# Relationship in Sets using Venn Diagram

The relationship in sets using Venn diagram are discussed below:

The union of two sets can be represented by Venn diagrams by the shaded region, representing A ∪ B.

A ∪ B when A ⊂ B

A ∪ B when neither A ⊂ B nor B ⊂ A

A ∪ B when A and B are disjoint sets

The intersection of two sets can be represented by Venn diagram, with the shaded region representing A ∩ B.

A ∩ B when A ⊂ B, i.e., A ∩ B = A

A ∩ B when neither A ⊂ B nor B ⊂ A

A ∩ B = ϕ No shaded part

The difference of two sets can be represented by Venn diagrams, with the shaded region representing A - B.

A – B when B ⊂ A

A – B when neither A ⊂ B nor B ⊂ A

A – B when A and B are disjoint sets.

Here A – B = A

A – B when A ⊂ B

Here A – B = ϕ

Relationship between the three Sets using Venn Diagram

If ξ represents the universal set and A, B, C are the three subsets of the universal sets. Here, all the three sets are overlapping sets.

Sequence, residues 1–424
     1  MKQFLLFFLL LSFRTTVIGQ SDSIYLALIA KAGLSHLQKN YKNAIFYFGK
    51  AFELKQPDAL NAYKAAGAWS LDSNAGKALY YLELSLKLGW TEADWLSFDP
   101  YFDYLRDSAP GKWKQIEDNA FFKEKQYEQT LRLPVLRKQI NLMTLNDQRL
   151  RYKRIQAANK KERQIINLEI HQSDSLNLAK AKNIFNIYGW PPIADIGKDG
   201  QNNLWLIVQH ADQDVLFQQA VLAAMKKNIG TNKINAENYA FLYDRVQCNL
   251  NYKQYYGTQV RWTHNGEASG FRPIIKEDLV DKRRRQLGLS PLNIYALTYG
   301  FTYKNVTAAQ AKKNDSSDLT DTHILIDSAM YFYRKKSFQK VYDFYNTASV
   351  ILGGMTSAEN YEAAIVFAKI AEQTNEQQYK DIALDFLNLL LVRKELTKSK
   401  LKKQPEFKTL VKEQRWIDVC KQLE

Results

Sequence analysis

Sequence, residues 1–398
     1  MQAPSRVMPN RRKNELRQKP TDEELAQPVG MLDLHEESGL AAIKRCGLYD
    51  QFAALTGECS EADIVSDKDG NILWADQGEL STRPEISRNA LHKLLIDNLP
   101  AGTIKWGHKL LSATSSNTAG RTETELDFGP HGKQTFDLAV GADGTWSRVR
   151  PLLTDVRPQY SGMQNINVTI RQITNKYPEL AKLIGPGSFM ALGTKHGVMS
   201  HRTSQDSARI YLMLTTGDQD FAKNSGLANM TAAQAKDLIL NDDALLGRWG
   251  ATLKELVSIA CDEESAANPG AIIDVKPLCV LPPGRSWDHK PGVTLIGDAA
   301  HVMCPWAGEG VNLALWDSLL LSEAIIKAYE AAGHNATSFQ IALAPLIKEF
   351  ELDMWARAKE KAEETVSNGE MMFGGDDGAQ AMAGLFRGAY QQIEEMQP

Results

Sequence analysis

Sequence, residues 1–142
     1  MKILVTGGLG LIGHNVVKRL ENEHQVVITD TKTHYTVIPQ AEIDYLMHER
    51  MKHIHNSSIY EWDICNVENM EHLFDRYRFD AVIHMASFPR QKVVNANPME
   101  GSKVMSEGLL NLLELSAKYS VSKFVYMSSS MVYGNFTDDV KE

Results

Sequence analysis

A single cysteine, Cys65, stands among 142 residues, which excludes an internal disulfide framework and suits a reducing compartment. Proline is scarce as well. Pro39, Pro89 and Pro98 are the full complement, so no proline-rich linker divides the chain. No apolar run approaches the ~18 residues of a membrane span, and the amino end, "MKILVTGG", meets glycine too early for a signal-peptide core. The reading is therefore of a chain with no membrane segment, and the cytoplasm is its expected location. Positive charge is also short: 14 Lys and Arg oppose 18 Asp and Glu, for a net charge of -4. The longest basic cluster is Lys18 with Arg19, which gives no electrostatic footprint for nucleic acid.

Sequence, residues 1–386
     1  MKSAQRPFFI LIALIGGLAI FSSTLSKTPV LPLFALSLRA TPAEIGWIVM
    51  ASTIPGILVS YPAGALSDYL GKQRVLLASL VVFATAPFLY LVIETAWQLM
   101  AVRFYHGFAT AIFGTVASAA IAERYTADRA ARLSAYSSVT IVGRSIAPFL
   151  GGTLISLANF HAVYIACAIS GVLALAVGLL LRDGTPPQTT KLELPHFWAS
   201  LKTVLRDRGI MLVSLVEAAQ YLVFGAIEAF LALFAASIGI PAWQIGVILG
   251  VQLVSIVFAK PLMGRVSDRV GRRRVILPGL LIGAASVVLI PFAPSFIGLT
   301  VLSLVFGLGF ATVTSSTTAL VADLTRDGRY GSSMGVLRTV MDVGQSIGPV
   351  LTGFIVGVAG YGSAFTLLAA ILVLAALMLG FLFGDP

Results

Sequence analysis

Let us learn to represent various operations on these sets.

A ∪ B ∪ C

A ∩ B ∩ C

A ∪ (B ∩ C)

A ∩ (B ∪ C)

Some important results on number of elements in sets and their use in practical problems.

Now, we shall learn the utility of set theory in practical problems.

If A is a finite set, then the number of elements in A is denoted by n(A).

Relationship in Sets using Venn Diagram
Let A and B be two finite sets, then two cases arise:

Case 1:

A and B are disjoint.

Here, we observe that there is no common element in A and B.

Therefore, n(A ∪ B) = n(A) + n(B)

Case 2:

When A and B are not disjoint, we have from the figure

(i) n(A ∪ B) = n(A) + n(B) - n(A ∩ B)

(ii) n(A ∪ B) = n(A - B) + n(B - A) + n(A ∩ B)

(iii) n(A) = n(A - B) + n(A ∩ B)

(iv) n(B) = n(B - A) + n(A ∩ B)

A – B

B – A

A ∩ B

Let A, B, C be any three finite sets, then

n(A ∪ B ∪ C) = n[(A ∪ B) ∪ C]

= n(A ∪ B) + n(C) - n[(A ∪ B) ∩ C]

= [n(A) + n(B) - n(A ∩ B)] + n(C) - n [(A ∩ C) ∪ (B ∩ C)]

= n(A) + n(B) + n(C) - n(A ∩ B) - n(A ∩ C) - n(B ∩ C) + n(A ∩ B ∩ C)

[Since, (A ∩ C) ∩ (B ∩ C) = A ∩ B ∩ C]

Therefore, n(A ∪B ∪ C) = n(A) + n(B) + n(C) - n(A ∩ B) - n(B ∩ C) - n(C ∩ A) + n(A ∩ B ∩ C)

Set Theory